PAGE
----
Pepper

 

 

Accountability in Science

Ivor Catt 5June2006

Sclerosis in Academia

Cambridge University Engineering Association

They know not what they do

Request to Professor Brian Josephson

Letter to Lord Rees, Lord Martin Rees

First copy sent 5 June 2006

Second copy sent 10 July 2006

Third copy sent 5 August 2006

Fourth copy sent 13 October 2006

Fifth copy sent 29nov06

Sixth copy sent slomail Recorded Delivery with ** .... ** added on 30 April 2007

Seventh copy sent 19 June 2007, with added note

Eighth copy sent 17 December 2008

The Master, Trinity College, Cambridge.

Dear Professor Martin Rees,
I had an interesting conversation with you when I sat next to you at Trinity High Table a few months ago. We agreed that it was wonderful to have been fortunate enough to go to Trinity College.
I request that you take action on The Catt Question , an absolutely basic question in electromagnetic theory. [Note 1] The problem now centres on diametrically opposed comment by two Fellows of Trinity; both Professors at The Cavendish; Nobel Prizewinner Brian Josephson ("westerner") and Sir Michael Pepper FRS ("southerner"). They represent the two conflicting answers which split academia down the middle. The matter has to be resolved, or students must be warned that this uncertainty lies at the heart of what they are being taught.
If this uncertainty remains unaddressed, we have no electromagnetic theory, only confusion... .His reply
Ivor Catt 5june06

** Added 25 April 2007. Should Cambridge Undergraduates on the relevant courses be informed that the fundamentals of electromagnetic theory are unresolved; that it is not clear where the negative charge on the bottom conductor comes from?... **

Note 1. The book on the problem is in Trinity Library. When a car battery lights the headlight, where does the negative charge come from to terminate the electric flux lines from the now +12v positive connecting wire to the now more negative wire? See animation.

"The special theory of relativity owes its origin to Maxwell's equations of the electromagnetic field." - Einstein. From ed. P A Schilpp; "Albert Einstein, Philosopher-Scientist", pub. Library of Living Philosophers, 1949, p62.

Letters to Lord Rees, President of the Royal Society

Letter to May Chiao, Associate Editor, Nature Physics

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Reply

----- Original Message -----
From: <mjr36@cam.ac.uk>..... mjr@ast.cam.ac.uk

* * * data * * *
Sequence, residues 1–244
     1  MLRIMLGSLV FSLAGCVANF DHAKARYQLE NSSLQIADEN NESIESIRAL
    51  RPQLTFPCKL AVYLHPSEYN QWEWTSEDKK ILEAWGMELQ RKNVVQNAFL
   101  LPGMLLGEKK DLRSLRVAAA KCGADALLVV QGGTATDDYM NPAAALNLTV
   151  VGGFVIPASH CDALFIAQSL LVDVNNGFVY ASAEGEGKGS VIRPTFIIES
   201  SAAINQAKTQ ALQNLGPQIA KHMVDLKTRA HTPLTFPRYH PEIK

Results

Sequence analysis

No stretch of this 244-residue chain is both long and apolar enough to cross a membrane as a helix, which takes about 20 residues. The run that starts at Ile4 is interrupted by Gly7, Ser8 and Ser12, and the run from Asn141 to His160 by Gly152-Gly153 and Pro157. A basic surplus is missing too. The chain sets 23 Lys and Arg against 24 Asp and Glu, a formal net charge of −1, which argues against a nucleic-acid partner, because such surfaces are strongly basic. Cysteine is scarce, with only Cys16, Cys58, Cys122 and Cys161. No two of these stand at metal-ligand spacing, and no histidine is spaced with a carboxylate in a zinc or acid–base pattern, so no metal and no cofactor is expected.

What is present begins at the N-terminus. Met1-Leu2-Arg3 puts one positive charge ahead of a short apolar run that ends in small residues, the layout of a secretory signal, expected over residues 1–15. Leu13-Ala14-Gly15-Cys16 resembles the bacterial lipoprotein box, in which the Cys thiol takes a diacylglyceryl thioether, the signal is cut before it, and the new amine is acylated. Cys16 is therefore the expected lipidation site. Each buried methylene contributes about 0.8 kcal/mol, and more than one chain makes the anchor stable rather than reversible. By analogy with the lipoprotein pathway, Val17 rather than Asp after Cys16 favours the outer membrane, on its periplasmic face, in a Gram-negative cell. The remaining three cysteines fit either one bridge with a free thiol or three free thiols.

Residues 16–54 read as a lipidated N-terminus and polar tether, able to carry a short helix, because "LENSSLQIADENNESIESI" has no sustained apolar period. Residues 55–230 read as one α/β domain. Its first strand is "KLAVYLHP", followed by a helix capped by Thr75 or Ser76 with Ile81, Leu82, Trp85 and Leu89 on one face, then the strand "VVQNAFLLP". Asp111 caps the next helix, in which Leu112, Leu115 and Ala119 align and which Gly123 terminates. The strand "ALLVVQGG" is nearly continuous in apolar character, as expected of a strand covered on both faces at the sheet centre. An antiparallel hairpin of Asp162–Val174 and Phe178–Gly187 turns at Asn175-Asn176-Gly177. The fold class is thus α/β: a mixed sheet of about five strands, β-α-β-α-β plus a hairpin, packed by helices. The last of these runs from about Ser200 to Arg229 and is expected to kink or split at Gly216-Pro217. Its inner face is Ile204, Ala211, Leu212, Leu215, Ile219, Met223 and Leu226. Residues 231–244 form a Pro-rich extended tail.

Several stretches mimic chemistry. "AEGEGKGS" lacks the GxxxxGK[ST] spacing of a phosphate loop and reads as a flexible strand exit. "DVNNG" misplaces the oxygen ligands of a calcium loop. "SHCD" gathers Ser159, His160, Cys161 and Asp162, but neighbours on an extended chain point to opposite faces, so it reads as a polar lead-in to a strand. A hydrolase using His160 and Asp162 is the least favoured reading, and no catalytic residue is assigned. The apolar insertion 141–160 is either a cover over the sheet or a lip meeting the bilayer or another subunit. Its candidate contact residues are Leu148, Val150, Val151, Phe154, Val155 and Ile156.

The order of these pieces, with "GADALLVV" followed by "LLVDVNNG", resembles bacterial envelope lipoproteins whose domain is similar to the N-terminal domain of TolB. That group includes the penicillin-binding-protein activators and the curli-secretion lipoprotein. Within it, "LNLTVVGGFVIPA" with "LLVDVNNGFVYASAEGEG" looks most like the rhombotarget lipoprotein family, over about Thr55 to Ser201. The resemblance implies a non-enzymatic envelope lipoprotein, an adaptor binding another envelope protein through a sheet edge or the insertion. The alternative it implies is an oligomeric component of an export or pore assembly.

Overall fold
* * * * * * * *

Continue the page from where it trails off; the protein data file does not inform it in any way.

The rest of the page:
To: "ivor catt" <icatt@btinternet.com>
Cc: <carol.gray@royalsoc.ac.uk>
Sent: Sunday, August 06, 2006 12:40 PM
Subject: Re: Letter to Lord Rees

Dear Mr Catt,
I owe you an apology for not having responded earlier to your letter. I shall however need to get 'up to speed' on the scientific question you raise before being able to respond intelligently -- I doubt that I can offer any input beyond what you can get from the better-qualified Fellows of Trinity.
It was a great pleasure to meet you when you came to the College.

Best regards
Martin Rees

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Dear Lord Rees,

I have not had the proper reply to my letter of 5 June 2006.

As to your reply of 6/8/06, "I shall however need to get 'up to speed' on the scientific question", I replied to you that I approached you in your administrative capacity. It was irrelevant for you to study the subject, which would merely add you to one camp or the other, but not resolve the confusion

My reply of August 6, 2006, is at http://www.electromagnetism.demon.co.uk/66e.htm

It outlines your options as I see them;

You have a number of alternatives. I shall deal with Trinity College first, and then deal with The Royal Society.

Trinity College, of which you are Master.

1 Say that you have no relevant administrative duties or power in Trinity College. In which case, please advise me as to who has administrative responsibility..

2 Say that you regard the matter as unimportant.

3 Say that the two parties, Josephson and Pepper, have told you that either (a) they do not in fact disagree, or (b) the matter is unimportant.